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Transport and Degradation of a Trichloroethylene Plume Within a Stream Hyporheic Zone

  • John B. Williams
  • Gary Mills
  • Daniel Barnhurst
  • Sherry Southern
  • Noelle Garvin
Conference paper

Abstract

In predicting natural attenuation rates for contaminant plumes, it is vital to determine flow patterns, suitability of chemical and microbial conditions, and seasonality. Savannah River Site’s CMP Pits operated from 1971 until 1979; receiving chemicals, metals, and pesticides. Now a Superfund site, monitoring-wells indicated perchloroethylene (PCE) and trichloroethylene (TCE) had seeped beneath the vadose zone. It was unknown how the plume was entering Pen Branch valley below and whether natural attenuation was degrading the contaminant load. Our study focused on plume transport and exchange within the critical hyporheic zone beneath Pen Branch and helped to ground-truth model the plume borders. We also determined reductive dechlorination of PCE and TCE into dichloroethylene and vinyl chloride. Over forty sampling holes were augered into the hyporheic zone and adjacent floodplain along with 12 stream stations. Chemical conditions linked to natural attenuation (e.g. H2S, Fe+2, and NH3) were monitored to identify reductive dechlorination suitability along with temperature, pH, redox, and dissolved oxygen. Plume flow displayed complex entry patterns, but natural attenuation was documented by higher levels of cis-dichloroethylene (cis-DCE) (61.5 μg/l) compared to PCE or TCE. High means of hyporheic PCE (26.5 μg/l) and TCE (6.7 μg/l) compared to overlying stream water PCE (0.5 μg/l) and TCE (0.2 μg/l) raise new transport pathway questions.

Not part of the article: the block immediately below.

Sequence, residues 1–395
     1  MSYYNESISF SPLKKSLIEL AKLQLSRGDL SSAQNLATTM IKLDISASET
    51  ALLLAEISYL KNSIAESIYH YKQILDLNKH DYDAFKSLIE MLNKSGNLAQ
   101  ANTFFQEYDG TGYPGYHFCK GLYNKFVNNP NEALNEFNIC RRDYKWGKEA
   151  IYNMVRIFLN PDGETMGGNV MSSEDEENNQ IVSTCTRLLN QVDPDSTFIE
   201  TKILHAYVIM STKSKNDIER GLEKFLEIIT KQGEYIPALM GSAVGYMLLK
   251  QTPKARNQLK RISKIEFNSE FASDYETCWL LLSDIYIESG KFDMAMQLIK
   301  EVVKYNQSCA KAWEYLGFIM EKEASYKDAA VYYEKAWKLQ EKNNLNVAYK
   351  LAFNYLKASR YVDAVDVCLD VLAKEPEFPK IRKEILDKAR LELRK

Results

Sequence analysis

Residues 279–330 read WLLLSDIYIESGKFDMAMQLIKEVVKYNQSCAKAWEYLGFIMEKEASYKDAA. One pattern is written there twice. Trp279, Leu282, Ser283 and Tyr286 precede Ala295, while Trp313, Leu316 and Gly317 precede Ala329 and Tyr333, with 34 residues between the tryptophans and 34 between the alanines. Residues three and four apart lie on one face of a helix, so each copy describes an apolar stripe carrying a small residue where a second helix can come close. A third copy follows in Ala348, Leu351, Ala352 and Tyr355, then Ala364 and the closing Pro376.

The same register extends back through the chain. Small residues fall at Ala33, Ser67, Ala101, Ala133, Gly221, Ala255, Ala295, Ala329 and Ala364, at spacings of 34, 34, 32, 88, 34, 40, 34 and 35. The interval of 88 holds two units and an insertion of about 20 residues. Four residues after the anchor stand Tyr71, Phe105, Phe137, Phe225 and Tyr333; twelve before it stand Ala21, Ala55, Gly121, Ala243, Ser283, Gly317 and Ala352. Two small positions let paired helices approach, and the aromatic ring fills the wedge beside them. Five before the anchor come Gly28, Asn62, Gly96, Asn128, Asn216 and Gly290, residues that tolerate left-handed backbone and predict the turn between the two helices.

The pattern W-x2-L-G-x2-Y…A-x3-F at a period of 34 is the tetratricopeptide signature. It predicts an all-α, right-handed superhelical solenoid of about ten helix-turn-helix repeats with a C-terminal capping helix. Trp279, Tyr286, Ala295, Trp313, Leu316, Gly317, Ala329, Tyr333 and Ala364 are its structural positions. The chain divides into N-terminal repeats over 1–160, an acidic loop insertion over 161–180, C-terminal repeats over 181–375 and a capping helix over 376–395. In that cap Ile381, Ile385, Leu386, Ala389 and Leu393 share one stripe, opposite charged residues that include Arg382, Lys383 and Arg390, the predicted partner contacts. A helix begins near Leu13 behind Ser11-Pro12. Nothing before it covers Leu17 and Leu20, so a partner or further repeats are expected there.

Keywords

Volatile Organic Compound Natural Attenuation Hyporheic Zone Reductive Dechlorination Savannah River Site 
These keywords were added by machine and not by the authors. This process is experimental and the keywords may be updated as the learning algorithm improves.

Notes

Acknowledgments

The efforts of South Carolina State University student interns: Chris Carter, Stephanie Roach, Landis Chambers, Kendall Simmons, Ta’mara Brown, Lanita Peterson, and Eric Foxworth were greatly appreciated. University and SRS planning assistance were also given generously by Dr. Judith D. Salley, Larry Anderson, and Janelle Jansen.

References

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Copyright information

© Springer Science+Business Media, LLC 2009

Authors and Affiliations

  • John B. Williams
    • 1
  • Gary Mills
    • 2
  • Daniel Barnhurst
    • 3
  • Sherry Southern
    • 4
  • Noelle Garvin
    • 2
  1. 1.Department of Biological & Physical SciencesSouth Carolina State UniversityOrangeburgUSA
  2. 2.University of Georgia SRELAikenUSA
  3. 3.Washington Savannah River CorporationAikenUSA
  4. 4.U.S. DOEAikenUSA

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